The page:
him. He tells me my Lord Chancellor seems his very good friend, but doubts
that he may not think him so much a servant of the Duke of Yorkes as he
would have him, and indeed my Lord tells me he hath lately made it his
business to be seen studious of the Kings favour, and not of the Dukes,
and by the King will stand or fall, for factions there are, as he tells
me, and God knows how high they may come. The Duke of Albemarles post is
so great, having had the name of bringing in the King, that he is like to
stand, or, if it were not for him, God knows in what troubles we might be
from some private faction, if an army could be got into another hand,
which God forbid! It is believed that though Mr. Coventry be in appearance
so great against the Chancellor, yet that there is a good understanding
between the Duke and him. He dreads the issue of this year, and fears
there will be some very great revolutions before his coming back again. He
doubts it is needful for him to have a pardon for his last years actions,
all which he did without commission, and at most but the Kings private
single word for that of Bergen; but he dares not ask it at this time, lest
it should make them think that there is something more in it than yet they
know; and if it should be denied, it would be of very ill consequence. He
says also, if it should in Parliament be enquired into the selling of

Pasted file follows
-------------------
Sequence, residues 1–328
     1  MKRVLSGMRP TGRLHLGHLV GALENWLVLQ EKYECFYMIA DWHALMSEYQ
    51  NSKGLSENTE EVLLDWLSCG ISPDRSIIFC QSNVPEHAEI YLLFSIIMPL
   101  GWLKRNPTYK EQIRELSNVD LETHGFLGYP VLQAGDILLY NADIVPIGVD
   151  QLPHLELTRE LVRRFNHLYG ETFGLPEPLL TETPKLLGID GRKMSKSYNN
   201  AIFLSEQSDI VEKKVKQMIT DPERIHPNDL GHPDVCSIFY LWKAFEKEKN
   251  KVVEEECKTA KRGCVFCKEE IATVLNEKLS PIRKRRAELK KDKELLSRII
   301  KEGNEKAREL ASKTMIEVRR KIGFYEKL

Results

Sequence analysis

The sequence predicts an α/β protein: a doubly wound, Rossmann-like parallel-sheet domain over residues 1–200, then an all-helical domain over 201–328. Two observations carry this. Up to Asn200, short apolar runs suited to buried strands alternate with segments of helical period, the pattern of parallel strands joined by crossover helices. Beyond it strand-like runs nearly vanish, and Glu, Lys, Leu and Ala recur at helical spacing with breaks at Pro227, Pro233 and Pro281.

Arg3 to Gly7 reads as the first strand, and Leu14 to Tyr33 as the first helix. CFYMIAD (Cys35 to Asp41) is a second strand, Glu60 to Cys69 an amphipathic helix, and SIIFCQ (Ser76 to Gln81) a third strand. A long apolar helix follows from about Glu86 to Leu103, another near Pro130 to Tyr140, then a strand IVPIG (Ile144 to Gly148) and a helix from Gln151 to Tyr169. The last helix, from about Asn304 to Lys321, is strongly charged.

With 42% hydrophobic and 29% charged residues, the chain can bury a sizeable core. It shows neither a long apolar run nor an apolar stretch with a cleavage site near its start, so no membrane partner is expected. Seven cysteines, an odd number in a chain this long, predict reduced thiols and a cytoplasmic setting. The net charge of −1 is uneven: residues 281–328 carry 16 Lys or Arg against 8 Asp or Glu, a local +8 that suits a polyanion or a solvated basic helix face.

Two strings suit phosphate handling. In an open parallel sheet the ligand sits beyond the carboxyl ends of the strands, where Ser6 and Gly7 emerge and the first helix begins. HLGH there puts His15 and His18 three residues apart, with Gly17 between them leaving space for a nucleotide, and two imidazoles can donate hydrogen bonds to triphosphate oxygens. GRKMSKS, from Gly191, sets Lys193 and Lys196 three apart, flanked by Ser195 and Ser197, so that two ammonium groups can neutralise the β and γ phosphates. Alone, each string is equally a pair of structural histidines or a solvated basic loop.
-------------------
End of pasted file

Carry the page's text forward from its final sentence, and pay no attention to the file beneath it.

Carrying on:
Dunkirke (though the Chancellor was the man that would have it sold to
France, saying the King of Spayne had no money to give for it); yet he
will be found to have been the greatest adviser of it; which he is a
little apprehensive may be called upon this Parliament. He told me it
would not be necessary for him to tell me his debts, because he thinks I
know them so well. He tells me, that for the match propounded of Mrs.
Mallett for my Lord Hinchingbroke, it hath been lately off, and now her
friends bring it on again, and an overture hath been made to him by a
servant of hers, to compass the thing without consent of friends, she
herself having a respect to my Lords family, but my Lord will not listen
to it but in a way of honour. The Duke hath for this weeke or two been
very kind to him, more than lately; and so others, which he thinks is a
good sign of faire weather again. He says the Archbishopp of Canterbury
hath been very kind to him, and hath plainly said to him that he and all
the world knows the difference between his judgment and brains and the
Duke of Albemarles, and then calls my Lady Duchesse the veryest slut and
drudge and the foulest worde that can be spoke of a woman almost. My Lord
having walked an houre with me talking thus and going in, and my Lady
Carteret not suffering me to go back again to-night, my Lord to walke
again with me about some of this and other discourse, and then in a-doors